Christmas Wreath Making

1 December 2017

Happy December everybody! It’s that time of year again, and the Bing Crosby “White Christmas” soundtrack has officially been dusted off… Last Friday, we held our annual wreath making session in the kitchen at the Mill, with our garden team of Emily and Debbie, and my mother Siobhan. This year, it’s been a bit more organised, with planning commencing many months ago. Throughout the past year, as they’ve tended to the garden, they have set various plants and flowers aside to dry for decorations, carefully stored in the garden shed up until now. All of the materials for the wreaths (bar the dried oranges) came from the surrounding hedgerows and our garden, so you can’t get much more local than that!

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This year, we’ve been making two types of wreaths – fresh ones for outside, and dried ones for indoor use. There are also two types of bases, made from willow and hazel. The hazel ones are a little more wild(!) and spindly, and the willow ones neater and more uniform. These are cut into strips and fastened into circles, to be decorated firstly with the greenery. Emily conditions the willow by soaking it in water, to make it easier to bend and fasten into shape. Next, a layer of greenery goes on, and lastly, the pops of colour, by means of berries, chillies, or flowers. No two wreaths are the same.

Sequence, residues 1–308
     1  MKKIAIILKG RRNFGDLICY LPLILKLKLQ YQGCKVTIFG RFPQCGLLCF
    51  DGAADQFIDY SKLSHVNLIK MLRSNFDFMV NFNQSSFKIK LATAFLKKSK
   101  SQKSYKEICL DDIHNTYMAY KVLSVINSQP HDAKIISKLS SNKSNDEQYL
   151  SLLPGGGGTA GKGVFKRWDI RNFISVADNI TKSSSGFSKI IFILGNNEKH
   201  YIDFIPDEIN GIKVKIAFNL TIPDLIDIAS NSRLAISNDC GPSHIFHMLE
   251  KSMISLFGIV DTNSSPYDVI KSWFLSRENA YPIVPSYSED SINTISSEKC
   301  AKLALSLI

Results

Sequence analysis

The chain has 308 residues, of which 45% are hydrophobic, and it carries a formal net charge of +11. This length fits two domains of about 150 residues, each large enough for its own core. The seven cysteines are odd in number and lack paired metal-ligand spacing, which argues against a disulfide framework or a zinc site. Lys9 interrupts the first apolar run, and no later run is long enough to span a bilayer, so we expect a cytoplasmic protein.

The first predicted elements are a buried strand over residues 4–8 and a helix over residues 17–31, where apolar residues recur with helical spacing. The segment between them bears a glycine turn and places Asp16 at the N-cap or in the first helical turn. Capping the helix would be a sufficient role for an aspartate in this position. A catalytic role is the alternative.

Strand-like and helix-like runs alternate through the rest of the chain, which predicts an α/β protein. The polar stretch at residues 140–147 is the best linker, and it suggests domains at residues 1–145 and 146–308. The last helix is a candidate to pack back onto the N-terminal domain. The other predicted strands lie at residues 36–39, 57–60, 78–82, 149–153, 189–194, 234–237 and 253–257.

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We don’t use any artificial florists oasis foam, and simply fix the plants into position with a little ribbon and wire. Because of avoiding oasis, Emily recommends spraying the fresh wreaths lightly with a little water every other day to help them last longer.

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The decorations this year comprised of ivy, box, rosemary, holly, chilli peppers, bay, clematis, teasels, fir cones, pine, hebe, moss, pyracantha, and dried flowers, all hand selected by Emily and Debbie. These form a beautiful variety of greens, from bright emerald to dark woody moss, brightened with pops of red and orange from the flowers, berries and vegetables.

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Halfway through the wreath making hot jacket potatoes with fried halloumi and salad from the garden are served, followed by tea and cake. Next year, we’re hoping to open this up for people to join us with the floristry and feasting, so watch this space!

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If you want to purchase one of our Christmas wreaths, they are on sale in our Shipton Mill office near Tetbury, and also in Haberdashery Twist in Stroud. Prices start from £15.

Time to get merry! Xx